By Lissy M
Panaji, August 13, 2019: On Sunday, August 11, when the Gospel reading during the Mass asked people to be vigilant always, my thoughts went to the flood-stricken areas of our country.
How our people were surprised by the sudden cloudbursts, followed by landslides, that swallowed an entire village in the Wayanad region of Kerala.
It hurts to the core listening to a young man standing over the landslide-levelled land in Kavalappara and responding to the news reporters, “How can I go? My wife and child are here.”
“I want to see them once more,” he added, waiting for the Fire Force to search out for the missing persons. He was one among many who waited for their dear ones buried alive.
“It is better to be always ready. We never know what happens in the next moment,” one of my friends said over the phone reflecting on this tragedy. “And yet we live as though nothing is going to happen. Why are we so?” she asked.
In Lk 12:32-48 Jesus instructs us about being watchful and ready for any event. To expect the unexpected at any moment. When the Master arrives all the servants are expected to be ready, “with loins girded and the lamps burning.”
The master is happy to find the servants ready and available that he is willing to serve them. “It will be good for those servants whose master finds them watching when he comes. Truly I tell you, he will dress himself to serve, will have them recline at the table and will come and wait on them. It will be good for those servants whose master finds them ready, even if he comes in the middle of the night or toward daybreak.” (vv37,38)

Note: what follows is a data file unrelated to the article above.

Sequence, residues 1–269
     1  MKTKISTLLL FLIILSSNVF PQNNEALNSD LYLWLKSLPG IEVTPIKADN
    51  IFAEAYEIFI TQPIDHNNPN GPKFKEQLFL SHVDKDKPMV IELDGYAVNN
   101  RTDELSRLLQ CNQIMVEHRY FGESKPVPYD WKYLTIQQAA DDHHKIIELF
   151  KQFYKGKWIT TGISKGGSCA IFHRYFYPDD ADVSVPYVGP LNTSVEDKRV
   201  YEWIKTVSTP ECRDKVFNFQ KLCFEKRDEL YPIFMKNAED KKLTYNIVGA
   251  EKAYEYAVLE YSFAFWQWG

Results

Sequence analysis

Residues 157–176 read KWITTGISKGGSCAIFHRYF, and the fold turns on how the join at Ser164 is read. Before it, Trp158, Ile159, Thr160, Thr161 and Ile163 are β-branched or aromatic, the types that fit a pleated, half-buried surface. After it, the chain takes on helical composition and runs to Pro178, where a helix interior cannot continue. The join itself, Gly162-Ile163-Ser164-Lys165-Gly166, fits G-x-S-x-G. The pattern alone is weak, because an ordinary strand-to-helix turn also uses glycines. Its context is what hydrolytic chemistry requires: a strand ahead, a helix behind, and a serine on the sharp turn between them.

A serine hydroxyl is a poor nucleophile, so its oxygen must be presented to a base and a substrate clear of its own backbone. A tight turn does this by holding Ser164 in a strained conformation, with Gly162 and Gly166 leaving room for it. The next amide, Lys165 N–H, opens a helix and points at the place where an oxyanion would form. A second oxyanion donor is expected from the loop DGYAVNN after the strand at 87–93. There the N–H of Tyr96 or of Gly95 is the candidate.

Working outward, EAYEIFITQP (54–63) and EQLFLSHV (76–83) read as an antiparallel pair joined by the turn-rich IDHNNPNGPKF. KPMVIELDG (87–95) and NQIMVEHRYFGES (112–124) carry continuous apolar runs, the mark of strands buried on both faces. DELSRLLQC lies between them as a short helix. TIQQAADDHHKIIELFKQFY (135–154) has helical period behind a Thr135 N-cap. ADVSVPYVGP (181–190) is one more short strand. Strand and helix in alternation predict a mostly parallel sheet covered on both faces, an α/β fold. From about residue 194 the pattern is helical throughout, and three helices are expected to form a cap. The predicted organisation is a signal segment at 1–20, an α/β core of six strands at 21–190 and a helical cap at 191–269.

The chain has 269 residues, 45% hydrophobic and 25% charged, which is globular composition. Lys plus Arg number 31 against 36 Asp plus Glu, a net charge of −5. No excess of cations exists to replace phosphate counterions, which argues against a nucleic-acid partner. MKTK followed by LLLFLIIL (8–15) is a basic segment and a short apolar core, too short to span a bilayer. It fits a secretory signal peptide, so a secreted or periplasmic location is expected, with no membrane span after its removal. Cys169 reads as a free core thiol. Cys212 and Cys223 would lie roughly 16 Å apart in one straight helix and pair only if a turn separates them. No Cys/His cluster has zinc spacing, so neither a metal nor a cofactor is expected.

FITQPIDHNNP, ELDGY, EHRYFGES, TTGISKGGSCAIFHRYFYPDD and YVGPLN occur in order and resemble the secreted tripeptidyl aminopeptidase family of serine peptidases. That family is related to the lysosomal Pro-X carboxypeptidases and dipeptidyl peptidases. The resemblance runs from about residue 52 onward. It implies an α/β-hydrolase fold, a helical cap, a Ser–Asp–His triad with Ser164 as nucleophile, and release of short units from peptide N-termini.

How good is the Master? And how privileged the servants are.
A houseowner is also expected to be watchful, about housebreaking and robbery.
For those who are not ready their encounter with the Master will be one of surprise, like a thief breaking into the house unexpectedly at night.
St Gregory of Nazianus comments on the phrase, “The day of the Lord will be like a thief in the night.”
He says, “Unknown to the Master, the thief breaks into the house, because while the spirit sleeps instead of guarding itself, death comes unexpectedly, and breaks into the dwelling place of our flesh. But he would resist the thief if he were watching, because being on his guard against the coming of the judge, who secretly seizes the soul, he would by repentance, go to meet him, lest he would perish impenitent. But our Lord wishes the last hour to be unknown to us, in order, as we cannot foresee it, that we may be unceasingly preparing for it.”
All the three readings of Sunday, 11 August, had the theme, “Be ready.” Being ready, looking forward with vigilance, waiting with faith. Abraham, was ready when God called him out of his homeland to brave the travel to the promised land, that he knew nothing about. He held on to the hope that God would be true to his promises. But he was ready. A character unique to everyone prepared to follow God’s will at any moment.
Nothing is more certain than death, nothing more uncertain that its hour,” reminds St. Anselm of Canterbury, Doctor of the Church.
“God has concealed from us the day of our death, that we may spend all our days well,” reminder from St. Alphonsus Liguori, another Doctor of the Church.
“Still less should we try to know when we will die and in what place; whether it will be in the country or in the city; on horseback or at the foot of a mountain; or by some stone crushing us; or whether we will die in bed assisted by someone, or alone. What does it matter? Leave the care of it to divine providence, which looks after even the birds in the sky,” says St. Francis de Sales, Doctor of the Church.